CalTopo has numerous tools and features that enable you to explore an area in depth and create highly personalized maps. Arguably one of CalTopo’s most powerful features is the wide range of base layers available that you can switch out and stack together in nearly any combination.
You can even create or import in your own custom base layers to meet your needs. The purpose of this chapter is to introduce you to base layers and teach you how to effectively utilize them to learn more about a particular area.
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First let's take a look at what exactly a base layer is in CalTopo.
Base layers are digital maps or imagery that make up the background of CalTopo, and that you can draw and view map objects on. They are representations of a location on the surface of the earth. You use base layers to learn more about an area as you plan your trip or mission. You might want to know what trails there are, the locations of potential water sources, what the terrain is like or where the snow line currently is. What you want to learn about an area will determine which base layer(s) will be the most useful to you at that particular moment.
CalTopo provides a wide selection of base layers. Each base layer is carefully selected to complement and contrast the other base layers available. Some of these base layers may look very familiar to you- for example, many people have used or encountered paper map versions of the Scanned Topos (especially from the USGS) and Forest Service base layers.
Other base layers may look totally different from anything you’ve worked with previously- for example, MapBuilder Topo pulls data from a variety of sources including USGS data sets, OpenStreetMap (OSM) and high resolution LIDAR for elevation (where available). Unlike the scanned topos, this base layer also dynamically adjusts as you zoom in and out to present the most relevant data for each zoom level.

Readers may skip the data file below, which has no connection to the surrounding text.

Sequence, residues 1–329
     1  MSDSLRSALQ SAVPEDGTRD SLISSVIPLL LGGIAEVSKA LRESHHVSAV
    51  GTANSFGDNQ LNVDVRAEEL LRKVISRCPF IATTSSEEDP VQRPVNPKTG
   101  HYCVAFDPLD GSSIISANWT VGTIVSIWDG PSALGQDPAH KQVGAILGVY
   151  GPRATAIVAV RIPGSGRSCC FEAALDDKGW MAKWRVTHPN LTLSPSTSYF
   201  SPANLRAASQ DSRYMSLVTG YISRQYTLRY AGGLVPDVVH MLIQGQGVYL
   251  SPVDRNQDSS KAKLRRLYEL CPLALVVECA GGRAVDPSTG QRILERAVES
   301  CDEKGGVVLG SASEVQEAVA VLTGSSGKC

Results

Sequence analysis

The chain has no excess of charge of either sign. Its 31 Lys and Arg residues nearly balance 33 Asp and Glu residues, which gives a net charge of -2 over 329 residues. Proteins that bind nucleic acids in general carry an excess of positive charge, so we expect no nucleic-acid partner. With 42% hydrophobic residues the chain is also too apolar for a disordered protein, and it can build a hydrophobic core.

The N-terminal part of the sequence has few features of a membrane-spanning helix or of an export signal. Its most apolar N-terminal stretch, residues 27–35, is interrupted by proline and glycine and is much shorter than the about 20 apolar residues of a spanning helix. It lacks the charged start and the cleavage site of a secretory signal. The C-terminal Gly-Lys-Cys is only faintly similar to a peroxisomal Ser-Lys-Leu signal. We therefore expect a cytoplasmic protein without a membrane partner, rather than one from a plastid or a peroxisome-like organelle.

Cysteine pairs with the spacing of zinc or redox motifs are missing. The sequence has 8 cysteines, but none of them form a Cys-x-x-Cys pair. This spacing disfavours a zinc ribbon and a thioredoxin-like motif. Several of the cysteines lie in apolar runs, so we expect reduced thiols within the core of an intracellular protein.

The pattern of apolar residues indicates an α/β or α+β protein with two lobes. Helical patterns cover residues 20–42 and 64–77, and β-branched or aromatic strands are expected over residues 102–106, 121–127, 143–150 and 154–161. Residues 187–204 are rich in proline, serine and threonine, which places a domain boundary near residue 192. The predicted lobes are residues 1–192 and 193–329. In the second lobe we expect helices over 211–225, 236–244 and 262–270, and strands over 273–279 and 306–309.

Sometimes we hear from users that a map is wrong; for example, they may reach out with concerns about a trail that no longer exists, is drawn or labeled incorrectly or cuts through private property. At CalTopo, we do not go out into the field and make measurements in order to create the maps that you see in our software; rather we package and present the data to you so that you can create your own customized map.
Our base layers draw from a broad variety of data sources. Some of these maps, such as the Forest Service layers, are static representations of that data from a specific point in time and cannot be modified. Other maps, such as MapBuilder Topo, are dynamic, reflecting changes and additions to the data in either real time or at set intervals when we pull updates.
For some of these base layers, you can edit the source data and see it reflected on CalTopo. For example, the data driving MapBuilder trails, roads and other features is largely pulled from OSM, which is a crowdsourced compendium of mapping information. OSM users can upload GPX tracks, draw trails, label features and more. If you see a mistake or omission, it is possible to make edits to the map itself on the OSM website. You will then see your edits on CalTopo when we update our data, approximately quarterly.
If you want to learn more about the accuracy of maps, check out this blog post that delves deeper into the subject.